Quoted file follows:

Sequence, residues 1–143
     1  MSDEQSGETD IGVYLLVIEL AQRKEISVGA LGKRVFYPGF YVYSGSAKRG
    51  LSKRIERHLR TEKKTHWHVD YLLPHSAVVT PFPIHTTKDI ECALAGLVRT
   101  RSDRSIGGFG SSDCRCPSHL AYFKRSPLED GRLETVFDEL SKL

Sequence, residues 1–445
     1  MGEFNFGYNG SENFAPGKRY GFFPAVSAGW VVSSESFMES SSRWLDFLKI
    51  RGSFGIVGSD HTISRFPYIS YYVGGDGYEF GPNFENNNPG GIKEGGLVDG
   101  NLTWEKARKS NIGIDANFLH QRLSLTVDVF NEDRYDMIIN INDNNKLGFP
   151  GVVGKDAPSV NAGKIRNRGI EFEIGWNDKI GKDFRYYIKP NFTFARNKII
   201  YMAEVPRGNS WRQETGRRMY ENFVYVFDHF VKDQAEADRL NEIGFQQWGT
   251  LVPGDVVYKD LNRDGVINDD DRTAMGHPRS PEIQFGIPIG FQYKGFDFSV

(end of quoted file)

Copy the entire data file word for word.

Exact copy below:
Sequence, residues 1–143
     1  MSDEQSGETD IGVYLLVIEL AQRKEISVGA LGKRVFYPGF YVYSGSAKRG
    51  LSKRIERHLR TEKKTHWHVD YLLPHSAVVT PFPIHTTKDI ECALAGLVRT
   101  RSDRSIGGFG SSDCRCPSHL AYFKRSPLED GRLETVFDEL SKL

Sequence, residues 1–445
     1  MGEFNFGYNG SENFAPGKRY GFFPAVSAGW VVSSESFMES SSRWLDFLKI
    51  RGSFGIVGSD HTISRFPYIS YYVGGDGYEF GPNFENNNPG GIKEGGLVDG
   101  NLTWEKARKS NIGIDANFLH QRLSLTVDVF NEDRYDMIIN INDNNKLGFP
   151  GVVGKDAPSV NAGKIRNRGI EFEIGWNDKI GKDFRYYIKP NFTFARNKII
   201  YMAEVPRGNS WRQETGRRMY ENFVYVFDHF VKDQAEADRL NEIGFQQWGT
   251  LVPGDVVYKD LNRDGVINDD DRTAMGHPRS PEIQFGIPIG FQYKGFDFSV